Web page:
Ralph Ellison in 1952 published a novel entitled The Invisible Man, about an black man who is regarded as invisible by mainstream society.
The invisible man is a good way to describe how one of the most prominent black men in American history is treated by the Smithsonian's new National Museum of African American history.
Yes, Justice Clarence Thomas, the second African American Supreme Court justice, who has written opinions that will have lasting effect, is the Smithsonian's invisible man. No reference to Justice Thomas at the museum.
Highly visible, on the other hand, is Anita Hill, whose last minute allegations of sexual harassment against Thomas nearly derailed his confirmation hearings.
Just for the record: Anita Hill's allegations against Justice Thomas remain in the realm of he-said/she-said. We just don't know who was telling the truth, though many of us (me included) tend to give the weight to Justice Thomas, based in part on what we know of his sterling character and gentlemanly demeanor and perseverance in the face of overwhelming opprobrium from Washington's liberal establishment.
Adam White at the Weekly Standard comments:
[T]he museum is a wonderful achievement, and long overdue. It should help to bring the American people still closer together, across racial or political lines, to celebrate America's best legacies while (like the nearby Holocaust Museum) remembering some of history's worst injustices.
But for that very reason, it's a shame to see the new museum marred by its own decision expunge from its historical narrative one of the most important African-American statesmen of our time: Justice Clarence Thomas.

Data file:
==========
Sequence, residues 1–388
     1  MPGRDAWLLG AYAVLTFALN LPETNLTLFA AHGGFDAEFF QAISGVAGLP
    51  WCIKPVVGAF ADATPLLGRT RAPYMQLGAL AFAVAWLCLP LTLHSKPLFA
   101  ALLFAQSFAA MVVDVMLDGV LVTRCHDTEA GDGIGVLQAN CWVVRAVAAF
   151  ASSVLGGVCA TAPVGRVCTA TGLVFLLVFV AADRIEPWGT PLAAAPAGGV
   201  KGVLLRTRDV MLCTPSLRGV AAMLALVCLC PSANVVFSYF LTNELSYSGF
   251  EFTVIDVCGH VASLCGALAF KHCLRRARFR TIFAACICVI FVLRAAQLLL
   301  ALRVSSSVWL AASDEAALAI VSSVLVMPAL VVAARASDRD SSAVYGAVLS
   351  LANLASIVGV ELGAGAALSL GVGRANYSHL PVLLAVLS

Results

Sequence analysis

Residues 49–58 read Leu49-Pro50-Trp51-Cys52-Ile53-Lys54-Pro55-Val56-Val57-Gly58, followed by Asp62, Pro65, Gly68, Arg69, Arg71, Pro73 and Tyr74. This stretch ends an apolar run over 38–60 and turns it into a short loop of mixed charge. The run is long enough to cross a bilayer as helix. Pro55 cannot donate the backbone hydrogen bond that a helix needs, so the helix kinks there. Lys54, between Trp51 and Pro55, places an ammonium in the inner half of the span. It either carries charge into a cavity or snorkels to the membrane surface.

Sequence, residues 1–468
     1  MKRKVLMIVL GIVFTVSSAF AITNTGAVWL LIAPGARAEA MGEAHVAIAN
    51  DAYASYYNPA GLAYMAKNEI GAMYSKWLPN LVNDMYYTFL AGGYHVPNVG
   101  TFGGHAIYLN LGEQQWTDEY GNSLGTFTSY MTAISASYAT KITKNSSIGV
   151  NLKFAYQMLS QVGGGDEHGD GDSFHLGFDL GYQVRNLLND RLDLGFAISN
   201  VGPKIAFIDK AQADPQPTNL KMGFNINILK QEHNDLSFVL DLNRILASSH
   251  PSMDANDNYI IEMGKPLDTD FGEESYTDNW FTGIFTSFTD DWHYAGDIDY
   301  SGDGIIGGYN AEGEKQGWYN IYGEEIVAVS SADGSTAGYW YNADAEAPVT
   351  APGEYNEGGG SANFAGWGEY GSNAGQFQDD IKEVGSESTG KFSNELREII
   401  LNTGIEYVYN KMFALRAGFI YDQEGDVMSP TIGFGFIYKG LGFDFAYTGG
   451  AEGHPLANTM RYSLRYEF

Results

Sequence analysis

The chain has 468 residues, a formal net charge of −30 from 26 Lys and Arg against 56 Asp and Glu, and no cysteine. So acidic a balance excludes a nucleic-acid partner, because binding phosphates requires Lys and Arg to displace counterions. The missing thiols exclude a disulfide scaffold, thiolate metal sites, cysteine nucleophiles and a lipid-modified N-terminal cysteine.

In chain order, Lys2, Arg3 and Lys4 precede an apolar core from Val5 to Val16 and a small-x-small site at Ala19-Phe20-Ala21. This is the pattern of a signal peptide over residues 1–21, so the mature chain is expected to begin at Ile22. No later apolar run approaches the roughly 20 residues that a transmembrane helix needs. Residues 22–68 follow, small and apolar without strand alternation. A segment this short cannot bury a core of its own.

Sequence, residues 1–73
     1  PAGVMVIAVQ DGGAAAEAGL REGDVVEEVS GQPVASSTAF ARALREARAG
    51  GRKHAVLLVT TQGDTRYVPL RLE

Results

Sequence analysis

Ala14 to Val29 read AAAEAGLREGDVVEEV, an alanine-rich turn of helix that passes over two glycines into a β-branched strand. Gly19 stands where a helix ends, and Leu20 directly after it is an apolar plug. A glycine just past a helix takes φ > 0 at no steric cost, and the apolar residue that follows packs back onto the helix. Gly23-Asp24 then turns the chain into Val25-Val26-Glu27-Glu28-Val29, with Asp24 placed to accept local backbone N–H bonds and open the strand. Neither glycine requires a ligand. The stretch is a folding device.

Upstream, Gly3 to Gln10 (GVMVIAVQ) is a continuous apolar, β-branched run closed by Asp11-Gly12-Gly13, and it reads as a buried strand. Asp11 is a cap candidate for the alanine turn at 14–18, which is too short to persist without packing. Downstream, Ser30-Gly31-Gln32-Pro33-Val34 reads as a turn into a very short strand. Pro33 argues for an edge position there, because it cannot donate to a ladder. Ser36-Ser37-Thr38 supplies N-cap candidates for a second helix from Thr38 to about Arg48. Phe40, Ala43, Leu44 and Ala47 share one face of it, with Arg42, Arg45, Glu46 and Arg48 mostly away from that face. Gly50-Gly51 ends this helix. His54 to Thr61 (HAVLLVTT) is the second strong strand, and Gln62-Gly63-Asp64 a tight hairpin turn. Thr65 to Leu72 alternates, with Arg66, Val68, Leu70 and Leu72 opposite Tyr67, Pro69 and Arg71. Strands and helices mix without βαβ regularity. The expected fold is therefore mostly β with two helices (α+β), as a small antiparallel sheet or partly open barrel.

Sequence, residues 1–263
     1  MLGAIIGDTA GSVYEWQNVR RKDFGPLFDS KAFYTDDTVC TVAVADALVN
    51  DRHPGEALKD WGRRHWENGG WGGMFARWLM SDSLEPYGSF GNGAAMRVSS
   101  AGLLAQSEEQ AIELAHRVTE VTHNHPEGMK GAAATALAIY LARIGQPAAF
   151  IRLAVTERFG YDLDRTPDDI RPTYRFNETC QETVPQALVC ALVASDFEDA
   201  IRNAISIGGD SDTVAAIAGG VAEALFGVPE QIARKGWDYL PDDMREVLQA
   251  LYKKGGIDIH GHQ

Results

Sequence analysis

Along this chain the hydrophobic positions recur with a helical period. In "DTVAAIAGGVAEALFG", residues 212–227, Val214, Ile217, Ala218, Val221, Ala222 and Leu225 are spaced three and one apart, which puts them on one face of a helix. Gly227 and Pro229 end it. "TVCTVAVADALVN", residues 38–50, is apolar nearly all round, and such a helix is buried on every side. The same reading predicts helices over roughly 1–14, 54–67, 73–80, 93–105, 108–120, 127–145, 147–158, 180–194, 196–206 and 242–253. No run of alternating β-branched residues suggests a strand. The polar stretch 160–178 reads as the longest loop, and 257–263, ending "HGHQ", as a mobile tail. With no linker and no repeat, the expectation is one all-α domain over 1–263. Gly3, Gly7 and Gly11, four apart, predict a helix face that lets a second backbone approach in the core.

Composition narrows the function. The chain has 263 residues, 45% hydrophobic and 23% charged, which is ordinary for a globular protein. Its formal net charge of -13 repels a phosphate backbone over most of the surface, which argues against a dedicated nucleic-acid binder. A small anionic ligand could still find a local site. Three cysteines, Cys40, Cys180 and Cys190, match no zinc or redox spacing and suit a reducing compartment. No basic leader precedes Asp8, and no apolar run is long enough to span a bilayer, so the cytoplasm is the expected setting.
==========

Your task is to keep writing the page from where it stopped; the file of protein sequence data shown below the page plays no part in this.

Clarence Thomas overcame poverty, family strife, and racial prejudice to become the Supreme Court's second African-American justice. Even after joining the Court, he endured astonishing bigotry and hatred in public (as I recounted last summer in the Weekly Standard, from those who called him the helpless tool of white judges and clerks (Mary McGrory, Jane Mayer, and Jill Abramson), or who called him lazy (Linda Greenhouse), or who called him a "sputtering" angry man (Jeffrey Tobin), or who even wished him an early death by heart disease (Julianne Malveaux). In short, and to borrow from Juan Williams's eloquent words, Justice Thomas was "conveniently transformed" by bitter ideologues "into a monster about whom it is fair to say anything, to whom it is fair to do anything."
After 25 years, happily, much of that has faded into the background, as Justice Thomas's service on the Court finally came to overshadow Anita Hill's long-discredited accusations against him, at least among the broad majority of Americans who aren't still grinding their ideological axes against him. Today, Justice Thomas is better known for his work on the Court—which, whether you agree or disagree with him, is increasingly recognized for both its quality and quantity.
As to the former, he is often the Court's most eloquent defender of constitutional first principles. And as to the latter, he is far and away the Court's most productive member, in terms of his written opinions; in recent years, his output dwarfs that of his colleagues.
In light of his personal story, and his legacy on the Court, one would have expected, or at least hoped, to see some mention of Justice Thomas in the Smithsonian's new museum. But unfortunately that's not the case.
I am proud to work for an organization that was founded in part as a response to the frenzy of the mob that attacked Justice Thomas a quarter century ago at his confirmation hearings.
The Justice referred to it as a "high-tech lynching," and I am sorry to say that he had a point.
Ricky Silberman, one of our founders, knew Justice Thomas, had worked with him and was a close personal friend of his. She and other IWF founders agreed that the women who were purported to "speak for women" in the press did not represent us.
She knew that Justice Thomas was getting a raw deal.
It just happened again–and the slight came from an institution that receives contributions from the taxpayer.